In a closed-circuit cooler, process fluid is circulated through coils within the unit. A water-distribution system cascades water over the tubes of the coil, extracting heat from the process loop via evaporation. Air is drawn or forced across the coils, agitating the falling water and increasing the heat transfer. A small amount of this water evaporates due to latent heat transfer through the tube and fin walls of the coil, removing heat from the system. The cooled process fluid returns to the process or facility via the bottom coil connection. Cascaded water drains to a basin and is recirculated back over the coil.
These coolers provide energy-efficient operation in a reduced footprint compared to dry coolers due to evaporation being used as the primary method of cooling.
Because blowdown of the basin water is reduced on closed-loop systems, water conservation also is improved when compared to open-loop systems. Because evaporative coolers can oftentimes run dry when ambient conditions are favorable during reduced load conditions, water consumption is eliminated entirely during these periods of operation.
Hybrid coolers combine dry and evaporative cooling to maximise energy efficiency while simultaneously reducing water consumption. These units provide heat rejection in dry mode until the load exceeds dry rejection capacity. At this switch-over point, the unit enters evaporative mode to increase cooling capacity. Operating in wet mode only when needed can reduce annual water consumption, sewer expense and eliminate plume (while in dry mode).
Hybrid cooling solutions include a dry cooler with wet trim and an evaporative cooler that runs both wet and dry. Dry coolers with wet trim are suitable where saving water is the top priority. In these systems, the dry cooling coil is placed in series with the evaporative cooling coil. It plays an integral role as part of the cooling system rather than simply having an on/off role.
Alternatively, wet coolers with dry trim are capable of running in wet and dry mode simultaneously by having separate spray sections above the coils. The coils can utilise either evaporative or dry cooling - rather than both at once - which also helps to minimise water consumption. Depending on capacity needs, such units are capable of running in dry mode, partially in wet mode or completely in wet mode.
Compared to wholly evaporative cooling units, both systems reduce water consumption. Space savings is also a benefit of hybrid coolers when compared to adiabatic and dry cooling equipment.
Hybrid coolers are frequently used in critical chilled-water applications where minimising both water and energy are important. They also are found in data centres and battery plants.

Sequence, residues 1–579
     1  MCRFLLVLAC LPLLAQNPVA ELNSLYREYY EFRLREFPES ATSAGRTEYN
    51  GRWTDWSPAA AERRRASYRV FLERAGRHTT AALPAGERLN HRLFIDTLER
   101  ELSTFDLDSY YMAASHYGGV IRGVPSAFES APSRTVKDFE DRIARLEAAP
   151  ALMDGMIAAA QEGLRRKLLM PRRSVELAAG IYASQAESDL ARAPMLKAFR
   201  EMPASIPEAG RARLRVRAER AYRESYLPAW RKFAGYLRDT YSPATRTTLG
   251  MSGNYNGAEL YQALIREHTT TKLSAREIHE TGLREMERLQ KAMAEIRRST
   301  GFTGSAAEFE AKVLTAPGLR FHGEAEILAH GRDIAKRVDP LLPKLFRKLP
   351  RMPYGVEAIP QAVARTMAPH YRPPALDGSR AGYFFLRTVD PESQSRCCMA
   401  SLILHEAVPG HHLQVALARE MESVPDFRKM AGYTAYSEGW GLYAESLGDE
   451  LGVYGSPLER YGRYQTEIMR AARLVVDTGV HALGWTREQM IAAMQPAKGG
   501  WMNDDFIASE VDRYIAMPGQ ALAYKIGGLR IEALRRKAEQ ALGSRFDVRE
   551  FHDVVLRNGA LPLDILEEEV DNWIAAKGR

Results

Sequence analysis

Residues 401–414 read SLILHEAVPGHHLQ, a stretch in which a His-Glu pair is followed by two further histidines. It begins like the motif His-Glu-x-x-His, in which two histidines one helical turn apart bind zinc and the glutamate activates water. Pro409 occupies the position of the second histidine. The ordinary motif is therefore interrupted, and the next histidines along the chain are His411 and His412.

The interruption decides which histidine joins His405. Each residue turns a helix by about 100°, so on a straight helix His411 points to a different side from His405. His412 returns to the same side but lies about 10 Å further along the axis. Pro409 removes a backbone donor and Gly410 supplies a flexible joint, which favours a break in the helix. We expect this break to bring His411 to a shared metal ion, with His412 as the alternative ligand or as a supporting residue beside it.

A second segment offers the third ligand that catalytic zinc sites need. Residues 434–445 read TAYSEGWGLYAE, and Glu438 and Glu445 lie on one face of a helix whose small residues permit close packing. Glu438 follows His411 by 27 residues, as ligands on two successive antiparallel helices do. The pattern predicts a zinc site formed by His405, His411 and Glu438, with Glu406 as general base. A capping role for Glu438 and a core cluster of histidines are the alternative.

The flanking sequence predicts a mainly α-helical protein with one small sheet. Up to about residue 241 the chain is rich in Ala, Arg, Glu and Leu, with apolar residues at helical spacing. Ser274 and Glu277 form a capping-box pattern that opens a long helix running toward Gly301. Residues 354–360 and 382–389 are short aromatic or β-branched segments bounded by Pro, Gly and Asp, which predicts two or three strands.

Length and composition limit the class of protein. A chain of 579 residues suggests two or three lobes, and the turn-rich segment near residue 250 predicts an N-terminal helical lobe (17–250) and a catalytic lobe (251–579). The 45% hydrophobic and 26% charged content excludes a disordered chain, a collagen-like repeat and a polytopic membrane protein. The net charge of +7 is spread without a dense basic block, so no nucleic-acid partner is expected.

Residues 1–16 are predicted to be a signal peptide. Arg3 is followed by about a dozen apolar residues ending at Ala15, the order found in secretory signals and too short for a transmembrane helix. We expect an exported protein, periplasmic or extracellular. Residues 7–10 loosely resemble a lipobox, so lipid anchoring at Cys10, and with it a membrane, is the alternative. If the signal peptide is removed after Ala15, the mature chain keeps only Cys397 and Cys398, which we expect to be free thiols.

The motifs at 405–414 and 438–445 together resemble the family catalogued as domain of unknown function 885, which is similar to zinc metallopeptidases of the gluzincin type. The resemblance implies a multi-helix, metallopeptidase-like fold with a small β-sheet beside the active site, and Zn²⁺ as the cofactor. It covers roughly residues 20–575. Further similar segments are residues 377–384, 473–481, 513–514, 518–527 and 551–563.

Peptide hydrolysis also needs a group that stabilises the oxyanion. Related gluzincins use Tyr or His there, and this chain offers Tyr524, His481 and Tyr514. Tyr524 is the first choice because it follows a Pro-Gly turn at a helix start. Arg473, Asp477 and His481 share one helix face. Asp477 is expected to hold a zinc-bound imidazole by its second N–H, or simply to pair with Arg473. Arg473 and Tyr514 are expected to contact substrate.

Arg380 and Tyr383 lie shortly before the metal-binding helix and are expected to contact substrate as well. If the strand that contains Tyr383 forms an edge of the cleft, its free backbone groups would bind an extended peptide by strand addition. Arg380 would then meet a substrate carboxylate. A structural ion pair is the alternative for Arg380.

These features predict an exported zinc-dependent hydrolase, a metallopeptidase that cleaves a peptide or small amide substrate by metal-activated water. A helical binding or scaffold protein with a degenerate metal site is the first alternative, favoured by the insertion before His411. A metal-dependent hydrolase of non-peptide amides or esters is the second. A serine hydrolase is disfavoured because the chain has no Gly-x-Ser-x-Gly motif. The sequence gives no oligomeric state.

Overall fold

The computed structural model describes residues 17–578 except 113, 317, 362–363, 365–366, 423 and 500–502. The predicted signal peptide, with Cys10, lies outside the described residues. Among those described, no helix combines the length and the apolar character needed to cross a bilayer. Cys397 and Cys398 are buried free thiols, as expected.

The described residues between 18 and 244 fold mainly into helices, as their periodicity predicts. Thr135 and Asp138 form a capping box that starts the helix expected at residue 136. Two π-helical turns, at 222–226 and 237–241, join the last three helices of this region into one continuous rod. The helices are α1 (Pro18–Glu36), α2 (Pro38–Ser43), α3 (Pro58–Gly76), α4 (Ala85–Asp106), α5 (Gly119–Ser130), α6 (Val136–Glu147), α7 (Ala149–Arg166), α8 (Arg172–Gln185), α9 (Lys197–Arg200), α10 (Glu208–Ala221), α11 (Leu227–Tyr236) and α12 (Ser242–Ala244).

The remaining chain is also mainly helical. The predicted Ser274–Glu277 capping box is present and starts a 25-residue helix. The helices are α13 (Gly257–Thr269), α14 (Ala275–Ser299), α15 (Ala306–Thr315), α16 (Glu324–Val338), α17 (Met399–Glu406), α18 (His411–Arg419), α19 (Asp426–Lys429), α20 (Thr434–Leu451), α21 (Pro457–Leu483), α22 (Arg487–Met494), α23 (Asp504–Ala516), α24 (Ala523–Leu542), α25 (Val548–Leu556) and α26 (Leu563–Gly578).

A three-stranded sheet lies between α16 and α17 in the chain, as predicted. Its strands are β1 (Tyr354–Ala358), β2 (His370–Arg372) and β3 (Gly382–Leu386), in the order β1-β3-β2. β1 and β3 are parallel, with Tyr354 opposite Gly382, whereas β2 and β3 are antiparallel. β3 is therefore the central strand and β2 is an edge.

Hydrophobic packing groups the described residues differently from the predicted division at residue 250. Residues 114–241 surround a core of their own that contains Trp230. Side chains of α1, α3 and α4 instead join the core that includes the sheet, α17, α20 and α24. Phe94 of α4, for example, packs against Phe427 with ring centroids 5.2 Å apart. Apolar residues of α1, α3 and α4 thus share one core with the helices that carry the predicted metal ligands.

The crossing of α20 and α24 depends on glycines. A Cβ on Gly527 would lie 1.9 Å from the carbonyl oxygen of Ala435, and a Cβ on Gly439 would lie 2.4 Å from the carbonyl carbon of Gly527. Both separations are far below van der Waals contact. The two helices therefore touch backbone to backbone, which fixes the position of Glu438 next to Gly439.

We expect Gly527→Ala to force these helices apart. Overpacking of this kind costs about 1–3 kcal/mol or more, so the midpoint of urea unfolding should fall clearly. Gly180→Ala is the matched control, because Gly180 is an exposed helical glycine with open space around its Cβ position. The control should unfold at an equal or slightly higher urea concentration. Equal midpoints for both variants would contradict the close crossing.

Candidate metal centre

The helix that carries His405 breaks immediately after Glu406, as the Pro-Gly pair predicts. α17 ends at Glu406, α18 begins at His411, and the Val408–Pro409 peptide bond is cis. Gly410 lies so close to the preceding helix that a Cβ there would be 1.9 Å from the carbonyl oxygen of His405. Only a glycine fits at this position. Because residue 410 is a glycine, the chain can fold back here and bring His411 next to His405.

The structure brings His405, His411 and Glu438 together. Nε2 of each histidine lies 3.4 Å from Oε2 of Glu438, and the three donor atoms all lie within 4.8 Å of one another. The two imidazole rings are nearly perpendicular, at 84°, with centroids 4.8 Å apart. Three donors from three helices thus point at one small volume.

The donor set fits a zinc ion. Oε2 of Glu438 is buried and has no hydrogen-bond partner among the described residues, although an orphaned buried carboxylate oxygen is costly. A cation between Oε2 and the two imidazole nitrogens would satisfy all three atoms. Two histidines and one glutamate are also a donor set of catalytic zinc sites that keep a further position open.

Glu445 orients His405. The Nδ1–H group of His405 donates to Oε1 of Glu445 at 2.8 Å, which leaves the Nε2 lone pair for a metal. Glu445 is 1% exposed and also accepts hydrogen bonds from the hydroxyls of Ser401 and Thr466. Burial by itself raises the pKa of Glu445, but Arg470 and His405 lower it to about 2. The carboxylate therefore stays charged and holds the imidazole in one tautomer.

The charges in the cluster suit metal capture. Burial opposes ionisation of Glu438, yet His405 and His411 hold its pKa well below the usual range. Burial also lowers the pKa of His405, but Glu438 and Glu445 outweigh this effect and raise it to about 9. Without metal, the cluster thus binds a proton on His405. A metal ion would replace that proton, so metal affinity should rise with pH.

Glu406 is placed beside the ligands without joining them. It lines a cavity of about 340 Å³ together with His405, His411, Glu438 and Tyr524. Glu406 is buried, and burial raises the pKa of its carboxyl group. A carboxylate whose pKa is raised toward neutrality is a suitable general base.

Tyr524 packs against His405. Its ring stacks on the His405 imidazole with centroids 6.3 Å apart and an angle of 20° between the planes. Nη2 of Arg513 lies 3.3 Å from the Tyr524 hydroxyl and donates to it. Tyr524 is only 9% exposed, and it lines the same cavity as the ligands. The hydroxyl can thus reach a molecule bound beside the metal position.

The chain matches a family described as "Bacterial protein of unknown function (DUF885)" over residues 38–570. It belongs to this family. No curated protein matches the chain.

In a dry cooler, heat from the process-loop fluid is transferred to the coil tube surface and out to the fins.
Dry coolers are best specified where water conservation and reduced maintenance are the key considerations. Because dry coolers do not utilise any water or evaporative cooling, dry coolers eliminate water treatment, plume and Legionella concerns. Dry coolers will use more energy and require a larger footprint than evaporative or hybrid fluid coolers of the same capacity.
In a dry cooler, heat from the process-loop fluid dissipates via heat transfer to the coil-tube surface and out to the fins – not through evaporation. Ambient air is drawn over the coil surface by a fan located at the top of the unit. Heat from the process fluid transfers to the air via sensible cooling and discharges to the atmosphere.
Adiabatic coolers function in a similar fashion to dry cooling systems but with the addition of pre-cooling pads. Water runs over porous media while air is drawn through the pads, lowering the dry bulb temperature of the incoming air. The influence of reduced dry-bulb temperatures at the coil provides greater heat rejection. As a result, adiabatic systems are most effective in hot, dry environments. Adiabatic coolers use up to 80 per cent less water than traditional evaporative units. Adiabatic units also deliver the required cooling capacity in a smaller footprint and/or lower fan motor horsepower than a completely dry cooler.
Similar to hybrid units, some manufacturers offer coolers that can operate in dry mode, adiabatic mode or partial-adiabatic mode, in which only a portion of the adiabatic spray pumps are energized. The thermal performance of these units is also fully rated. It is critical that specifying engineers understand that fully rated dry coolers and fully tested pad efficiencies will impact the sizing of units. Inadequately sized equipment will result in greatly increased water usage and energy consumption compared to a fully rated unit.
In conclusion, when determining the type of heat-rejection equipment that should be used on a given project, the specific needs of the facility should dictate whether a closed- or open-loop design is most suitable. Given the growing sensitivity to water conservation, and the ever-increasing cost to maintain mechanical systems, closed-loop technology is seeing wider implementation.